Tennis habitués who got to watch Novak Djokovic’s match against Taylor Fritz in the third round of the Australian Open last Friday were treated to a roller-coaster ride that included a stoppage midway in compliance with safety protocols. Owing to the Victorian government’s decision to impose a five-day lockdown in light of the increasing number of COVID-19 cases, play was suspended while spectators lined up in the exits of the Rod Laver Arena at Melbourne Park half an hour before the midnight curfew. At the time, the 27th seed was ahead two sets to one and three to two in the fourth.
Who knows what the Jaguars were thinking when they hired the controversial Chris Doyle as their director of sports performance? All and sundry got wind of their decision when they raised the curtain on newly appointed head coach Urban Meyer’s staff last Thursday. And while most of the names got rave reviews, one received significant pushback. Rightly so, to be sure; inked hadn’t yet dried on the divorce papers the former college fixture was forced to sign with the University of Iowa after allegations of his bias against African-American players surfaced. For a franchise that purports to being dead serious in turning the corner, adding a headache was the last thing it needed.
National Basketball Association habitués who believe the Lakers to be on track for a successful title defense might want to rethink their position. Not that the stalwarts of the purple and gold aren’t capable of taking the measure of the rest of the league. To the contrary, their roster makeup — shored up during the shortest offseason in the history of pro hoops — appears even better equipped to contend for the hardware the second time around. Unfortunately, their showing of late has been inconsistent at best; in proving unable to continually translate potential to practice, they have looked not just vulnerable, but vulnerable against supposed also-rans.
UBISOFT’S Watch Dogs series shares much of its makeup with Assassin’s Creed, the company’s other sandbox property. Just like its older brother, the Watch Dogs franchise makes heavy use of its large open world, filling it to the brim with quests, storylines, and alternate activities to keep its players entertained. However, where the Assassin’s Creed games eventually played with concepts of magic, myths, and historical tales of knights, assassins, and Vikings, Watch Dogs would follow its science-fiction roots to their natural conclusion. The series has delved further into its dystopian setting, and out of this evolution comes Watch Dogs: Legion, just released and available on the Sony PlayStation 5, PS4, Xbox Series X, Xbox One, and personal computer.
There can be no doubting the National Basketball Association’s motivations when it comes to the All-Star Game. At heart, the annual spectacle is the league’s way of thanking fans for their support; its brightest stars take part in a series of exhibitions through an extended weekend. In turn, participation brings about tangible and manifest benefits; not counting the goodwill generated by leading lights, financial incentives come with attendance. For players, the most lucrative offshoots are generated by contractual triggers emanating from being one of 24 named to the featured match.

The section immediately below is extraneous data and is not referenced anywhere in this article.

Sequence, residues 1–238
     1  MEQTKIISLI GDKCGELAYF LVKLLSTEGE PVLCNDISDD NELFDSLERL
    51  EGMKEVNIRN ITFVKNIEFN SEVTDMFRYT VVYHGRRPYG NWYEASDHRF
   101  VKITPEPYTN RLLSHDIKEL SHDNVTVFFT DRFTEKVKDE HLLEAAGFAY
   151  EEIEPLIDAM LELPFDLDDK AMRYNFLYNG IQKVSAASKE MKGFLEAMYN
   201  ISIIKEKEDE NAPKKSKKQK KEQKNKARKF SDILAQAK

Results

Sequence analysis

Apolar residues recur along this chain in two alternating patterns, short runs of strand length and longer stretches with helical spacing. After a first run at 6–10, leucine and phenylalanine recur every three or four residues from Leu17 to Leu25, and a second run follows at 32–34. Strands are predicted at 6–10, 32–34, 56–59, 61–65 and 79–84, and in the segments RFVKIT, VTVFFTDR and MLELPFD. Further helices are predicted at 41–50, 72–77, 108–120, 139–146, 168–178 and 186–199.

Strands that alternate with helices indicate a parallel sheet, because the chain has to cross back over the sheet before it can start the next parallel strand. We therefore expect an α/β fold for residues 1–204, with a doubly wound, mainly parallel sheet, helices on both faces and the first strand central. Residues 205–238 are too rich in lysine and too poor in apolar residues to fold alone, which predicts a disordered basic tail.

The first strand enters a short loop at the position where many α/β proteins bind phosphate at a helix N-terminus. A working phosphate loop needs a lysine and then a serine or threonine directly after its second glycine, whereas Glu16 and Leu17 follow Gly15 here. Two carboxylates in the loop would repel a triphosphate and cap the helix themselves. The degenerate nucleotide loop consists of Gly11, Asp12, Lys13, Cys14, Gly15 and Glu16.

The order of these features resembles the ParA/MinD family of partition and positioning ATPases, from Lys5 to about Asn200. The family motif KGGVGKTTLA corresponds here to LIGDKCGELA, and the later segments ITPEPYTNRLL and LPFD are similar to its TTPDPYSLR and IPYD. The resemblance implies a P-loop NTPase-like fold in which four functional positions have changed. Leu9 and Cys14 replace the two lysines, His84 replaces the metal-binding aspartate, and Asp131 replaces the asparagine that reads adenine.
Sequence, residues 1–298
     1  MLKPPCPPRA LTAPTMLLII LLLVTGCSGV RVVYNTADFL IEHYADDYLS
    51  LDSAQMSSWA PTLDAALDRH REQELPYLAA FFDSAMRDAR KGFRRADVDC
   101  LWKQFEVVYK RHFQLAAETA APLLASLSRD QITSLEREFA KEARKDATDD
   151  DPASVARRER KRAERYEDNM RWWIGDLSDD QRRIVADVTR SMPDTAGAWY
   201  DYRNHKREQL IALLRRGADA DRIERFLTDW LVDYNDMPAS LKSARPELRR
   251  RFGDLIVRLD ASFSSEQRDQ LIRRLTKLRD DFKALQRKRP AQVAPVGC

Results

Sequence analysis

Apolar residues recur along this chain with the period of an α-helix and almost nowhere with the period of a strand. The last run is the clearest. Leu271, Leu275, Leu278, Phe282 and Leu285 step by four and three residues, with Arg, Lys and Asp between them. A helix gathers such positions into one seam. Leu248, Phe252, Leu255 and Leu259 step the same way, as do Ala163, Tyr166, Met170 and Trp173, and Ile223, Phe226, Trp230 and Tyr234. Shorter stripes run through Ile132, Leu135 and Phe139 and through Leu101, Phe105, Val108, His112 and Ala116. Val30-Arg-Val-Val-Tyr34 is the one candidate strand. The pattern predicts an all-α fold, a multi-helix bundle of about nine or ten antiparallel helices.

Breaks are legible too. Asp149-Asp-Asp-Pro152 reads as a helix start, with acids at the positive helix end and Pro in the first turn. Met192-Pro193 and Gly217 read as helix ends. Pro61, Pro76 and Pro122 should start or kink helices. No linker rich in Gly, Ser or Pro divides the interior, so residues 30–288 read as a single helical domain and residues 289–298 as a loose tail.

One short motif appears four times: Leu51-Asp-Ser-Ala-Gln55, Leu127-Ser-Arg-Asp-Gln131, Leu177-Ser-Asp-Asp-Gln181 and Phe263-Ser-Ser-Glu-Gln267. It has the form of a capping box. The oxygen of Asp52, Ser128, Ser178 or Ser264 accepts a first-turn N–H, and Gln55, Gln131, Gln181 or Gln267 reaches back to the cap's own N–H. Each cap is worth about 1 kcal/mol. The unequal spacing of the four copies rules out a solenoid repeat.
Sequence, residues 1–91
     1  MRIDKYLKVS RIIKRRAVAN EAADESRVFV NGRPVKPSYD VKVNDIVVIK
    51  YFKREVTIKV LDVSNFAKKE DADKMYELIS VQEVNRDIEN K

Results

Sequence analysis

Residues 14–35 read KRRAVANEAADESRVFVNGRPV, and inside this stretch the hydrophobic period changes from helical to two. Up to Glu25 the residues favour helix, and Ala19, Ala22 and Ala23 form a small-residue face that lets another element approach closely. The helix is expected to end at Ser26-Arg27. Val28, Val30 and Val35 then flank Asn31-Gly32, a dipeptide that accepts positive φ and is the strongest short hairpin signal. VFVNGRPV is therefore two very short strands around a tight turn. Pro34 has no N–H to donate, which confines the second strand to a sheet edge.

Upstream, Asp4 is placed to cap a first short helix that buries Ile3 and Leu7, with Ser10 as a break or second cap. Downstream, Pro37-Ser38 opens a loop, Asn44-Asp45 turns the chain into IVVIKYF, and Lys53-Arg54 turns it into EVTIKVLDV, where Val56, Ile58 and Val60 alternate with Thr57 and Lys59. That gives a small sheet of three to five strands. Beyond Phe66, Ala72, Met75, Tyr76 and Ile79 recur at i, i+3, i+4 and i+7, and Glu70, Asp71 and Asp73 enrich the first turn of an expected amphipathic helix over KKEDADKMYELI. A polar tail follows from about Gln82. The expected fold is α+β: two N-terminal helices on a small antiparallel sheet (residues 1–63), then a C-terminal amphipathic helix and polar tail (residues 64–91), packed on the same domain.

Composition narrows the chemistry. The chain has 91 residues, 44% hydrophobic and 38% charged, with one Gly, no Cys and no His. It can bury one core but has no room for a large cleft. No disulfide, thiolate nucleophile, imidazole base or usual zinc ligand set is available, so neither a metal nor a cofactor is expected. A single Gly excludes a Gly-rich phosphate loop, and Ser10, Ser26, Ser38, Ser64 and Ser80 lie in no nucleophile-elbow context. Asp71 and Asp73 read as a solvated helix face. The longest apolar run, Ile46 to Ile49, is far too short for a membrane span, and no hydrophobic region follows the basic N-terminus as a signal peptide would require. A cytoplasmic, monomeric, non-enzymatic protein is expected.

National Basketball Association players are invariably subjected to taunts on the road. Established stars, in particular, find themselves the targets of colorful language from extremely partisan fans. And, of all the marquee names, LeBron James arguably engenders the most visceral reactions. That he does is no surprise, really; considering that he has been such a thorn on the sides of opponents, and for such a long time, it’s next to impossible to ignore him. In fact, he not only expects to be roundly booed in every stop outside of the Staples Center; he welcomes the icy stares and harsh words, having long learned to draw strength from them and use them as motivation to achieve.
When the Nets pulled the trigger on a blockbuster deal that netted them former National Basketball Association Most Valuable Player James Harden, not a few quarters saw fit to underscore their offensive potential. Already blessed with prolific producers Kevin Durant and Kyrie Irving, the addition of the most efficient scorer in the modern era figured to make them a collective juggernaut. And, if nothing else, the numbers they’ve managed to put up in the last two and a half weeks show that the assessment is on the mark. Even counting the 98 they canned in the outlier of a win against the elephant-walking Heat, they’ve normed a whopping 127 points per outing since forming their version of the Big Three.
The Lakers headed into their set-to yesterday bent on snapping out of their first losing run of the 2020-21 season of the National Basketball Association. The fact that they managed to go through a full fourth of their campaign to defend their title before suffering from consecutive setbacks may well be deemed an achievement by some quarters, but not by them. For all the handicaps that came with the shortest turnaround in league history, they understood both the privilege and the burden of the embarrassment of riches their roster provides. And so their objective yesterday was clear; they had to win, period.